Sullivan, 2012; Wang et al., 2010).
As is indicated in Fig. 2, industrial waste in developing countries
(such as China) has a fast increasing trend in the foreseeable future,
while for the developed countries, industrial waste generation is
tending to stability or will decrease slowly (such as in Spain) (NBSC,
2013; Frost and Sullivan, 2012). In addition, comparing with the
developed countries (more than 90% collection rate), many developing countries remain at lower collection and recycling rate
(China 67% in 2010; India less than 50% in 2010). Thus, the developing countries are facing with more challenges from industrial

2.1.2. Environmental concerns

Regarding the industrial waste (especially for hazardous waste),
illegal dumping and transboundary movement commonly attracts
more attention due to their potential threats on environment and
human health.
Illegal dumping is a persistent problem because it threatens
human health and the environment, imposes signicant costs on
communities, and has an adverse effect on public welfare (Lega
et al., 2012; Penelope et al., 2010). Illegal dumping often attracts
more illegal dumping. Due to large generation of industrial waste,
not all the waste can be collected and treated, therefore enormous
industrial waste was illegally dumped, especially in the developing
countries (Chartsbin, 2013).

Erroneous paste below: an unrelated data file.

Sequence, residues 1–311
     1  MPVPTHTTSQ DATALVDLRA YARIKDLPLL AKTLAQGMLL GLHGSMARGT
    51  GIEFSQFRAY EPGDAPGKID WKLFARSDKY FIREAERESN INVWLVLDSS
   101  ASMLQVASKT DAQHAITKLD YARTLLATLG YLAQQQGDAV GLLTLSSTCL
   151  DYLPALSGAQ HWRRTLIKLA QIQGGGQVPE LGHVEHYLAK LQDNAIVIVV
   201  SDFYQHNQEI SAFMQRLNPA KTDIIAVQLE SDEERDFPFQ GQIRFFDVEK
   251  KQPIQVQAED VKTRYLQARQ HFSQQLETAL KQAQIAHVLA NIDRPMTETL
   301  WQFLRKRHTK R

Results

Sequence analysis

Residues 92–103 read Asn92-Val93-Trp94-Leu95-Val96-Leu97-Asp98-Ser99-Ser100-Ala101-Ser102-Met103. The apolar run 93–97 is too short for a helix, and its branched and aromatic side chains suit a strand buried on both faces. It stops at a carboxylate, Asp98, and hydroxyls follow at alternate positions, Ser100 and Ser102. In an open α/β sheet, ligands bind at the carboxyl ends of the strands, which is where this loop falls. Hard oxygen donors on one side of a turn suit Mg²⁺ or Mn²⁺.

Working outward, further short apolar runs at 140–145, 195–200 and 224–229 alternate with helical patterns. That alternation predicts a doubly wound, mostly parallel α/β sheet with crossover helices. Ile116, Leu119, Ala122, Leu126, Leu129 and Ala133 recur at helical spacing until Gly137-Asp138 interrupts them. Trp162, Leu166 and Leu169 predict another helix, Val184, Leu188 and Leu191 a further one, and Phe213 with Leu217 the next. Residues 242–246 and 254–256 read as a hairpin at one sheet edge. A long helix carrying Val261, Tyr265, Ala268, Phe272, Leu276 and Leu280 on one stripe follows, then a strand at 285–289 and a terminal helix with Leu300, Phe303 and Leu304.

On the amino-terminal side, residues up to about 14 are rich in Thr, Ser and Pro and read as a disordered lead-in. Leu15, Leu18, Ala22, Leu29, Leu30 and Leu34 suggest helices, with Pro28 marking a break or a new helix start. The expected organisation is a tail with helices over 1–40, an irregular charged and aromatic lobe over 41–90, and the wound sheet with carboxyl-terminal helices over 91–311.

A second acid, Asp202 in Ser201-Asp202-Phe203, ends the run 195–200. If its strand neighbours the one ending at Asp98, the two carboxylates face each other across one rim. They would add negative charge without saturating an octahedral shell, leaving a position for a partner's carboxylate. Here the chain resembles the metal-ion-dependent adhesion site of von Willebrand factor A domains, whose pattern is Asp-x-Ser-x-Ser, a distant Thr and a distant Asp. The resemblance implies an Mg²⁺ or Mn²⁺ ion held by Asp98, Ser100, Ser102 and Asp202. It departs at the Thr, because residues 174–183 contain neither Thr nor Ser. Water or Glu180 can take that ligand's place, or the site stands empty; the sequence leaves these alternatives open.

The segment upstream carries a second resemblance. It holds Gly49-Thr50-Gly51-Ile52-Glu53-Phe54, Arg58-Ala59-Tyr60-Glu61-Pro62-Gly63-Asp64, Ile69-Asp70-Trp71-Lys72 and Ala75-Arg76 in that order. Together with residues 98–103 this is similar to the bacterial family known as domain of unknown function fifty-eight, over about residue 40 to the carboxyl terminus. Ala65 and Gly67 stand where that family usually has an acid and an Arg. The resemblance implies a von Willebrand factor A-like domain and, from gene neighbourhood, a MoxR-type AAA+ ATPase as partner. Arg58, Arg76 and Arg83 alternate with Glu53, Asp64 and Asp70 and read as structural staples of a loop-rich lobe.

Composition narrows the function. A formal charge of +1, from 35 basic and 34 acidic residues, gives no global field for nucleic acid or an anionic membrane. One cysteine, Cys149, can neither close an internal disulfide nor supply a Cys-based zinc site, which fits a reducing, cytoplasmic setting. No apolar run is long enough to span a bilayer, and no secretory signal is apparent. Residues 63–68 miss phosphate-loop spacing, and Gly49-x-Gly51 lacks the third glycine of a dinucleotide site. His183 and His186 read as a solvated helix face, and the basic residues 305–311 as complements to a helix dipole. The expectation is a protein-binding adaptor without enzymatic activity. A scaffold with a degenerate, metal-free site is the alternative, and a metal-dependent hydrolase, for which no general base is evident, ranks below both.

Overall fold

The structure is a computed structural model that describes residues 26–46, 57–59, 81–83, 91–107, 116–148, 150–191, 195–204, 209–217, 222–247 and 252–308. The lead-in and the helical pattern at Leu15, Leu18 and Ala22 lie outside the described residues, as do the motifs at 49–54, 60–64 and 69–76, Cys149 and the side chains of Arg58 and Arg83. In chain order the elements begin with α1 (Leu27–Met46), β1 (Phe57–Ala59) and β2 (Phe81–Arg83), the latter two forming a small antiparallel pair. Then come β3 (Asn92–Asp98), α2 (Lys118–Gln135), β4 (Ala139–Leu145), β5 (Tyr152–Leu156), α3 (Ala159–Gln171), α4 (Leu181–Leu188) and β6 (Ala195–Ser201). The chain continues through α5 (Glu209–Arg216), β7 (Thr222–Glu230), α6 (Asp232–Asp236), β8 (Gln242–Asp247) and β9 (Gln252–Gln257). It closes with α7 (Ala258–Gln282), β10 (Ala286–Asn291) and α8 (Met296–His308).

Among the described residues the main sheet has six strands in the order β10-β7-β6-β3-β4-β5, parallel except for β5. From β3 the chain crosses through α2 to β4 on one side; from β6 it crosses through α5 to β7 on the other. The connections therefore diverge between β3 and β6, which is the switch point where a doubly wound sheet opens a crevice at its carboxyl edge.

Industrial waste producers are continuously faced with the
problem of disposing of their waste and must choose from a
number of different disposal and treatment options. Increasingly,
they are choosing to export the waste to other countries (most are
developing countries) (Huang et al., 2012; Kojima et al., 2013). It is
very difcult to estimate how much hazardous waste is exported
every year. The transboundary movement not only refers to the
waste export, but also means environmental pollution transfer
from the developed countries to developing countries. This is
because most developing countries often own poor waste recycling
and treatment facilities, and most waste was treated in the informal
recycling sectors or directly dumped into the surrounding environment (Salihoglu, 2010; Thomas and Fannin, 2011).
Some serious environmental events occurred due to the illegal
dumping and transboundary movement. In 2011, a chemical industrial company in Yunnan Province illegally dumped 5222.38
tons chromium slag (Peoples, 2011). In 2006, a ship registered in
Panama, the Probo Koala, chartered by the Dutch-based oil and
commodity shipping company Tragura Beheer BV, ofoaded toxic
waste at the Ivorian port of Abidjan (Maantay and McLafferty,
The reasons, why illegal dumping and transboundary movement happened, mainly associated with the potential economic